“Uncle Joe” Cannon, Speaker of the House

These days, watching Nancy Pelosi and her bloodied, defeated Democrats in the US Congress prepare to surrender power to presumptive Speaker John Boehner and his new Republican majority, I can’t help but think of Joseph G. Cannon.

Joe Cannon (R-Illinois) — everyone called him “Uncle Joe” — presided as Speaker from 1903 to 1911, the height of Theodore Roosevelt’s era. When he left Congress in March 1923, he had served almost fifty years and been elected twenty-two times, a record back then. Time Magazine that month put his face on the cover of its first-ever edition. Tall, lanky, and outgoing, always a cigar in his teeth, quick with an off-color joke, a back-slapping poker player, Cannon received 58 votes for president of the United States at the 1908 Republican Convention and had his picture on two different brands of chewing tobacco. Above is a newspaper sketch of him from his glory days.

In most history books, Cannon is cast usually as villain, the arch-conservative on Capitol Hill who routinely blocked TR’s progressive ideas, “the vulgar old man who rules the National house” by one Chicago newspaper.

But Joe Cannon, the most autocratic leader ever to assume a chokehold over the National Legislature, also has the distinction of being the only House Speaker ever to be overthrown by his own members in open revolt, to his face, in public session. It was a rare public rebuke, and a signature victory for the then-rising Progressive Movement. Their anti-Cannon revolt, launched in March 1910 and led by young Nebraska congressman and future senator George W. Norris, played out in full public view, an unprecedented spectacle on the floor of Congress, a three-day parliamentary seige during which Cannon had to filibuster from the Speaker’s chair just to be heard. In the end, Norris and his Progressives succeeded in bringing down not just Cannon but also Republican President Willam Howard Taft and a generation of Washington oligarchs. (The snapshot below shows Cannon and Taft, in top hat, shortly before their respective defeats.)

The lesson for Nancy Pelosi and company, however, is not in Cannon’s defeat, but in his comeback. Joe Cannon was 74 years old at the time he was outsted from the Speaker’s chair in 1910. But rather then stewing in bitterness or self-doubt, he jumped right back into action. Cannon’s Illinois neighbors voted him back into Congress in 1914 where Cannon quickly rebuilt his friendships and reputation. He reinvented himself as elder statesman. And when time came for Congress to put names on its three House Office Buildings in Washington, D.C., they picked Cannon’s immediately.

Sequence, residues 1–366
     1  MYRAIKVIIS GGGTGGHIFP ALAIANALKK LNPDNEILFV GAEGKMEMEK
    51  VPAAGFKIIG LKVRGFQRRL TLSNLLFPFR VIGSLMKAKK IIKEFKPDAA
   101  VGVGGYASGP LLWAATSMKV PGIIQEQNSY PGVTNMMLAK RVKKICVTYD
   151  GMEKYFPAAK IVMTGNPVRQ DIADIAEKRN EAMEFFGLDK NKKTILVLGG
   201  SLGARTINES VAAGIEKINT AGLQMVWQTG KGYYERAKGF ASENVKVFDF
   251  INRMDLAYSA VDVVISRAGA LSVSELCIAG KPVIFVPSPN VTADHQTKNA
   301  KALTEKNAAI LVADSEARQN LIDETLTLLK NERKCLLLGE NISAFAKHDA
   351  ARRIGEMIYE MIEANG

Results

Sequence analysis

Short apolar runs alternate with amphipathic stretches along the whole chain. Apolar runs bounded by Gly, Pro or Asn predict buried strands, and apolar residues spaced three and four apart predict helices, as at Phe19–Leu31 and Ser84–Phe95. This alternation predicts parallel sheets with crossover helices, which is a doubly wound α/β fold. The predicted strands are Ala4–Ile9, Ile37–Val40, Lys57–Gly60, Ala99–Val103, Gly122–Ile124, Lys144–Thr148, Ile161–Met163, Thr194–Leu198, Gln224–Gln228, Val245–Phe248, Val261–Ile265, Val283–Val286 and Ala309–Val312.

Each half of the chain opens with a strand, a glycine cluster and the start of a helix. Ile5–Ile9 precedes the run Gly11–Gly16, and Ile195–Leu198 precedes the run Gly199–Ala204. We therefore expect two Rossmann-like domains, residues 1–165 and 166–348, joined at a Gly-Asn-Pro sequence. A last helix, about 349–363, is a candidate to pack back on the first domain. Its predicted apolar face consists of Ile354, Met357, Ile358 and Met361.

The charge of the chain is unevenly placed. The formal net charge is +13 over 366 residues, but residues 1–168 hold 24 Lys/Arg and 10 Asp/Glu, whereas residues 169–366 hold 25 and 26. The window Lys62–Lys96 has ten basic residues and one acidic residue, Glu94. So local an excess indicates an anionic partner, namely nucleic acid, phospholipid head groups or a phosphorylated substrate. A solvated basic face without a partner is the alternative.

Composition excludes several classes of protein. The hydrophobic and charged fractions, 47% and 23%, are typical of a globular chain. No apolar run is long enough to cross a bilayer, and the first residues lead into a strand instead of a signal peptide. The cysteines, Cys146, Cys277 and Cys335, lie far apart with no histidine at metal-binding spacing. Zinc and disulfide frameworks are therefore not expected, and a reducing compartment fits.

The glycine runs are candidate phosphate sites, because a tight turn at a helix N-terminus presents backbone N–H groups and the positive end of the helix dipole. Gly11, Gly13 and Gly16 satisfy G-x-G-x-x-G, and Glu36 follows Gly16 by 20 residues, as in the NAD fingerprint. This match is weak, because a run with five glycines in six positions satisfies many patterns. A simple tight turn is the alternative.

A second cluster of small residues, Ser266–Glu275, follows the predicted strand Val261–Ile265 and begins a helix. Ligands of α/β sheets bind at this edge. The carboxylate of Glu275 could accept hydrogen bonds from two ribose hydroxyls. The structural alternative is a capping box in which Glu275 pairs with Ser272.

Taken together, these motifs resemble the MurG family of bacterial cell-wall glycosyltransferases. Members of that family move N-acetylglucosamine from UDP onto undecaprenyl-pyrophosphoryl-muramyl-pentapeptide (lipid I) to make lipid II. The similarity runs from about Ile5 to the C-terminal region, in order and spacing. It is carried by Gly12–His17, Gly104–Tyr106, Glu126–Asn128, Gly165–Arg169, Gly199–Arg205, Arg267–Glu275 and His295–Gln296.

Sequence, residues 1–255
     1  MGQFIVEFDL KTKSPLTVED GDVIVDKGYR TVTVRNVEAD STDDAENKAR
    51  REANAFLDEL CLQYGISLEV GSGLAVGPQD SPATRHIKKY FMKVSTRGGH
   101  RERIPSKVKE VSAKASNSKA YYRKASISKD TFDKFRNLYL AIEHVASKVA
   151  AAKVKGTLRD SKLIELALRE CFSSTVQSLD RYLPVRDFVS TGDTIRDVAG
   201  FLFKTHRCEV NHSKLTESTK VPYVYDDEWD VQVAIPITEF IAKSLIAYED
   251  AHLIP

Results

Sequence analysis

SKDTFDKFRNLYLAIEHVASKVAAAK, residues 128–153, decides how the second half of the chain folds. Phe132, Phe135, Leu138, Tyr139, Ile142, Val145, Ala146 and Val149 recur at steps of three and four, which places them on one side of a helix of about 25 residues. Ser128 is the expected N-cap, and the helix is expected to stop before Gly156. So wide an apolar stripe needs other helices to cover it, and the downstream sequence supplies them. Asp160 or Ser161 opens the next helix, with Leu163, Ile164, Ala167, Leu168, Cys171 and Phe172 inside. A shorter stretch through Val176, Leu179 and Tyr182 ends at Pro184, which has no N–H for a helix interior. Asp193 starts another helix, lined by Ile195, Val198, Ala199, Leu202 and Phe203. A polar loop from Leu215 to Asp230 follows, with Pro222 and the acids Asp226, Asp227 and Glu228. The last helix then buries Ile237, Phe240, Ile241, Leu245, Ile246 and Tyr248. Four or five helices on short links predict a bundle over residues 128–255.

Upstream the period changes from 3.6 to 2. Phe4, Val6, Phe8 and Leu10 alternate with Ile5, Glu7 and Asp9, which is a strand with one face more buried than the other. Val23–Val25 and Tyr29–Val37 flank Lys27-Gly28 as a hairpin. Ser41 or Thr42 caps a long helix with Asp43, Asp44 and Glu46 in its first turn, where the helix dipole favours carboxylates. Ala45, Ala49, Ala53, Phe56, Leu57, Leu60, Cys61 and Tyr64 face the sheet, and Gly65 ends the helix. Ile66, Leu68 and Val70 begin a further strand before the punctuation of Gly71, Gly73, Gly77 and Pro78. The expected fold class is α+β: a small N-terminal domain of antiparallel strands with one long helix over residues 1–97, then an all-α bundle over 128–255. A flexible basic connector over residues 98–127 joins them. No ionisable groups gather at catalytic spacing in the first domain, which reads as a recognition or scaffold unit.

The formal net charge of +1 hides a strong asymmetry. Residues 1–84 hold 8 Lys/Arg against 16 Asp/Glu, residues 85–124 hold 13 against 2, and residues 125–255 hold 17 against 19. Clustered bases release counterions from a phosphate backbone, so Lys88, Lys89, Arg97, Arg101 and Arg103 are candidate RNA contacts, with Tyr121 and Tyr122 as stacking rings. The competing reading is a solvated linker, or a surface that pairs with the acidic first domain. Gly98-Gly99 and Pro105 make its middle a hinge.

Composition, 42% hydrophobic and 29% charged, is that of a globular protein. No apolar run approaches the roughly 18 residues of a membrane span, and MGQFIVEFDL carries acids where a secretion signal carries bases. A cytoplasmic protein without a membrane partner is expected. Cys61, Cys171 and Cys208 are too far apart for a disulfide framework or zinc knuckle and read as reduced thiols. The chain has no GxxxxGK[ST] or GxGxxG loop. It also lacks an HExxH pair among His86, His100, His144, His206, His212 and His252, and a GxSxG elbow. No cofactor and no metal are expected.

So don’t fret, Democrats. Yes, there are second acts in American life, thanks in part to Uncle Joe. The pendulum will swing back. There will be another day.

Click here for a few more cartoons and images of Uncle Joe. 

Gasp! Where are the leaders?

My chief reaction to Hillary Clinton’s stunning wins in Texas and Ohio, which have now extended her epic race with Barack Obama for the Democratic presidential nomination for at least six more weeks (not unlike the groundhog seeing his shadow) until the Pennsylvania primary on April 22, was this: Fear.

Will so much more of this increasingly ugly campaign help Democrats ultimately defeat John McCain in November to re-take the White House? Or is this turn of events now setting up Democrats to lose all the marbles once again in what otherwise should be a sure-win year?

No, I am not suggesting that Clintin should drop out. She has won her right to compete fair and square by her clean primary wins last week. That’s not the point. The issue is quality.

No, Barack Obama does not deserve a free ride to the nomination. He has a duty to answer questions about the Tony Rezko trial, his views on NAFTA and Israel, his recent staff gaffes, and all the rest — just as Hillary Clinton has a duty to disclosure her tax returns, funding sources for the Clintin library, presidential papers, and explain the basis of her 3 am phone calls. Yes, a tough campaign can make them both tougher fighters in the end, and help clear the air on thorny issues. And yes, this ongoing contest has worked wonderfully so far to build interest, enthusiasm, and turnout.